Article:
As much of the world offered support for U.S. strikes against Afghanistan, Pakistan lost one person in violent, passionate protests.

In demonstrations that seemed to contradict the Pakistani president's claim that his support of the strikes reflected the will of his people, Taliban backers burned buildings, threw stones and fought police, calling for a holy war against the United States.

One person was reported killed and more than two dozen hurt in raucous demonstrations in the southwest city of Quetta. Authorities uncorked tear gas and fired live ammunition into the air to repel 4,000 agitated demonstrators who torched five movie theaters, damaged a bank and burned the police station.

Mobs stoned the Quetta office of the U.N. refugee agency and torched the U.N. children's agency office in the same compound.

Stone-throwing protests also erupted in another pro-Taliban town called Peshawar, where several thousand demonstrators hurled stones, drawing volleys of tear gas from police. In northwestern Peshawar, both tear gas and steel-tipped sticks were used to scatter 2,000 Taliban supporters as they emerged from a mosque and began to protest.

Karachi, Pakistan's largest city, also saw protesters, as a mob of 400 students set three buses on fire and threw stones at authorities. At least eight people were reported injured when the police charged the mob with batons and tear gas.

Police opened fire on several hundred demonstrators in the border town of Landikotal when they tried to stage a pro-Taliban rally. Four people were reported injured, but the extent of — and reason for — their injuries were unclear.

However, not all demonstrations Monday were violent. In the frontier town of Chaman, nearly 6,000 people — both Pakistanis and Afghans from across the border —  demonstrated peacefully by sitting cross-legged on a major road, shutting it down and burning a straw effigy of President Gen. Pervez Musharraf.

Musharraf fully supports the U.S. campaign to apprehend bin Laden.

Reactions Outside Pakistan

Anger also spread outside of Pakistan. Two Palestinians were shot dead and 45 were injured in the Gaza Strip during clashes with police after a protest march against the strikes while Palestinian leadership rushed to distance itself from bin Laden

Arabs in other Middle Eastern states were also upset with the decision to bomb sites in Afghanistan.

"America is acting against Usama bin Laden without showing us proof while the evidence of what Israel is doing to the Palestinians is there for all to see on television," said Mohammed Kheir, a Syrian government employee.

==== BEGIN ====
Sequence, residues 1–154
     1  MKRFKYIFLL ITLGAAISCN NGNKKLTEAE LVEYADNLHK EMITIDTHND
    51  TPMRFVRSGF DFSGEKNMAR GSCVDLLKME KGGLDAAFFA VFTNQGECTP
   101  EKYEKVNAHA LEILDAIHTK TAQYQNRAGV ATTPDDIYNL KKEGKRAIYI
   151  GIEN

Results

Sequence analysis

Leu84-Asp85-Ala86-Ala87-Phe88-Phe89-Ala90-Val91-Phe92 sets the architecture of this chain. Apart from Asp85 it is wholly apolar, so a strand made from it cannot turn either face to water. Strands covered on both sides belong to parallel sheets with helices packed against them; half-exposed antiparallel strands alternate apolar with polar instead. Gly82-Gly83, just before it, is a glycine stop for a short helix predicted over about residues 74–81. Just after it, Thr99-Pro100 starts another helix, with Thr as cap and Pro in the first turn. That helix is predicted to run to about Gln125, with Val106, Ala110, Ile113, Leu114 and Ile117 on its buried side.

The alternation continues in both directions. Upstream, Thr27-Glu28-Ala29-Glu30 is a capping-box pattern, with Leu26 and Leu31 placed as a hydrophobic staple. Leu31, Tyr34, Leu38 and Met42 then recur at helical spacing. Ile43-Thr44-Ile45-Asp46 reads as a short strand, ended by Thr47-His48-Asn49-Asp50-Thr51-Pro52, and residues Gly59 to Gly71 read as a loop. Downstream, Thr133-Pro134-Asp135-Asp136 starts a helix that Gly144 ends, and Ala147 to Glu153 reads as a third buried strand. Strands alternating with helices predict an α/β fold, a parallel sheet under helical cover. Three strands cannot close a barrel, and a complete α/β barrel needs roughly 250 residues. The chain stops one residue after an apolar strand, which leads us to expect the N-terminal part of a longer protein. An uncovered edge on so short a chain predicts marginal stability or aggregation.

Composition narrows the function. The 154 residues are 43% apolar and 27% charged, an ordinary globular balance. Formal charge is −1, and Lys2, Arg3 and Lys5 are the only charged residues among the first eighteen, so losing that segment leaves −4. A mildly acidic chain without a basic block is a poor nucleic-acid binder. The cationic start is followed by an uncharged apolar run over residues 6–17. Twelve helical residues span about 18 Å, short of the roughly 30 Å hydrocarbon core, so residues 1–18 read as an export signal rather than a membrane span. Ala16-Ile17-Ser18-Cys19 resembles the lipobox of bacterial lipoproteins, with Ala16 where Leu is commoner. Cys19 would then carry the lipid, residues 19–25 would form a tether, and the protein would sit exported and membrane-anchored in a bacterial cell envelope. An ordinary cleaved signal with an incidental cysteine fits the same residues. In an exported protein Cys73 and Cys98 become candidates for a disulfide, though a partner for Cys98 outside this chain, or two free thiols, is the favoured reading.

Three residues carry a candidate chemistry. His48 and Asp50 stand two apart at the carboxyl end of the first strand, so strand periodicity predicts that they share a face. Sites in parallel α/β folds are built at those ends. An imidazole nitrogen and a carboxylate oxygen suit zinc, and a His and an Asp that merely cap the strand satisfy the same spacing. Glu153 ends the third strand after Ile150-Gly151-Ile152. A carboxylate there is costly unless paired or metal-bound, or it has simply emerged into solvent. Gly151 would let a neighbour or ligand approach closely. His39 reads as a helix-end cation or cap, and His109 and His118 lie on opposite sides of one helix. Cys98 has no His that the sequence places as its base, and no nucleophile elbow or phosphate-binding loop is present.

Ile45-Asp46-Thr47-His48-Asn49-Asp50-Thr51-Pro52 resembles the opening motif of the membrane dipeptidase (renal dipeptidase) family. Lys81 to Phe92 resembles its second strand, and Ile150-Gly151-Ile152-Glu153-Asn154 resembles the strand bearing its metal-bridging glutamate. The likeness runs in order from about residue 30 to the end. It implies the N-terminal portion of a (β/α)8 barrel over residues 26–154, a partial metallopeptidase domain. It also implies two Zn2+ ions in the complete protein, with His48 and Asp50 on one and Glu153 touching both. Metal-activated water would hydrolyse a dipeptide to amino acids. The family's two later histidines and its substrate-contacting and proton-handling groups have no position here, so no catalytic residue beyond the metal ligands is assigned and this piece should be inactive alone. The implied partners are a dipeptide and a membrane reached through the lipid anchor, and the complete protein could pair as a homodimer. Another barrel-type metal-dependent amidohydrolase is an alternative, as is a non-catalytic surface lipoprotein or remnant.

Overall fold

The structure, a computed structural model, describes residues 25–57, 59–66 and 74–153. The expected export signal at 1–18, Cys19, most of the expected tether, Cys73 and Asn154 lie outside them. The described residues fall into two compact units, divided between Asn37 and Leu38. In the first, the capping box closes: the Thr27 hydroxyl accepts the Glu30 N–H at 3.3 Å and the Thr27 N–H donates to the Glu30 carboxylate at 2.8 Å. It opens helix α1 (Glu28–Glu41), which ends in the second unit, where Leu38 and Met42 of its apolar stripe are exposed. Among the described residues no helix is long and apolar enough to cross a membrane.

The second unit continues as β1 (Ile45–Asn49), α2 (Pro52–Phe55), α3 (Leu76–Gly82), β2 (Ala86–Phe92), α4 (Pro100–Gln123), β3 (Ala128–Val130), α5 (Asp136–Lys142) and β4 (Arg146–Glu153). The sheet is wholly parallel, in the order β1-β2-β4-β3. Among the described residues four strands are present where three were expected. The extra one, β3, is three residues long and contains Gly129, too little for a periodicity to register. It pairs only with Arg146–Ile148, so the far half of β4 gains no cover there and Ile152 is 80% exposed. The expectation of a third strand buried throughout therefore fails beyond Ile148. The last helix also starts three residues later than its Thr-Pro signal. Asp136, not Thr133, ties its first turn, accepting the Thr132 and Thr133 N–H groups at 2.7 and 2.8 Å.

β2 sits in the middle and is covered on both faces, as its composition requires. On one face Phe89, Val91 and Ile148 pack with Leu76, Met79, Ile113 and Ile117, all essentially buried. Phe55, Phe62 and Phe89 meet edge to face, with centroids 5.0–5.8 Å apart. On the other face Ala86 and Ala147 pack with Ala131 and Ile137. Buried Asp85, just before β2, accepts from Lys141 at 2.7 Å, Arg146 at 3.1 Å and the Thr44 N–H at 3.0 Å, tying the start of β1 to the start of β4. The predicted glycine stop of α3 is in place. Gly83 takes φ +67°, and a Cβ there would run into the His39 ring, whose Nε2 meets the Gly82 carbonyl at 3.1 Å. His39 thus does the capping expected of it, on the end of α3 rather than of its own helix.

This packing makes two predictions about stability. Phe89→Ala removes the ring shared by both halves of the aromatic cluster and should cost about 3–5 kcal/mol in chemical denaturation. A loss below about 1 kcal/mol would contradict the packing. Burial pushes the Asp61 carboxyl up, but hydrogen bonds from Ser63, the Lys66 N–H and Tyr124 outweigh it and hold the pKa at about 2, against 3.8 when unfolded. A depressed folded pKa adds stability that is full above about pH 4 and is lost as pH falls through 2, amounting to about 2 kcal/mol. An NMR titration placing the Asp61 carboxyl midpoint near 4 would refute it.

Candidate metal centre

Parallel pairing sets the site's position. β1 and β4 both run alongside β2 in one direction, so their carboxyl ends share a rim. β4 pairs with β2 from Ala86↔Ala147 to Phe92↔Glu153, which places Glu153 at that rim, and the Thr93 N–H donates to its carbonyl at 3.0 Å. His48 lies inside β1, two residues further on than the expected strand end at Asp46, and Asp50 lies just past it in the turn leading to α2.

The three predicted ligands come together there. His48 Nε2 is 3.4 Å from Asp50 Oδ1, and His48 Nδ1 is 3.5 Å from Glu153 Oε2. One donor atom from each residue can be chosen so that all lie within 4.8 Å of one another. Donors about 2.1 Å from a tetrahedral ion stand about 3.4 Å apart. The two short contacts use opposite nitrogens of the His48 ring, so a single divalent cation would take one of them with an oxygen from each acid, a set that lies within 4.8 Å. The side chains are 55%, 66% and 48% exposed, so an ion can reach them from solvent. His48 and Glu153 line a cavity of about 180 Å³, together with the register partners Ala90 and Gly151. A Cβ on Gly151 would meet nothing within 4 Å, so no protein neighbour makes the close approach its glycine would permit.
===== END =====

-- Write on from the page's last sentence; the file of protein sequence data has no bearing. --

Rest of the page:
"They say their target is bin Laden and they strike at innocent people in Afghanistan who have nothing to do with terrorism," said Samar al-Naji, a bank clerk in Amman, Jordan.

Secretary of Defense Donald Rumsfeld denied any reports of civilian targets and casualties.

Saudi Arabia's government, which supported U.S.-led forces during the Persian Gulf War, remained silent. Iraqi President Saddam Hussein called the operations "an act of aggression that runs contrary to international law."

Iran's foreign minister, Kamal Kharrazi, expressed concern that the military operation "will not eliminate terrorism, but, on the contrary, could expand (it) further."

However, reaction in Europe was supportive.

"There is no lack of enthusiasm for this campaign," NATO Secretary General Lord Robertson said.

Foreign ministers from the European Union also issued a statement supporting the action, saying that bin Laden, his Al Qaeda movement and the Taliban regime "are now facing the consequences of their action."

French Foreign Minister Hubert Vedrine said the military action was "inevitable and necessary" after the Taliban refused to hand over bin Laden. "It's not just solidarity," he told RTL radio. "It must be our action also."

Russian President Vladimir Putin said he believed Washington was doing everything it could "so that the population of Afghanistan does not suffer."

"Such a colossal loss cannot pass unnoticed or go without an adequate response," Putin said.

Malaysia's Prime Minister Mahathir Mohamad criticized the strikes and called for a world summit on terrorism.

China and India backed the U.S.-led battle against terrorism while urging the attacking forces to avoid hurting innocent civilians. So did Indonesia, except for the hundreds of Islamic militants who protested outside the U.S. Embassy in Jakarta.

The Associated Press contributed to this report.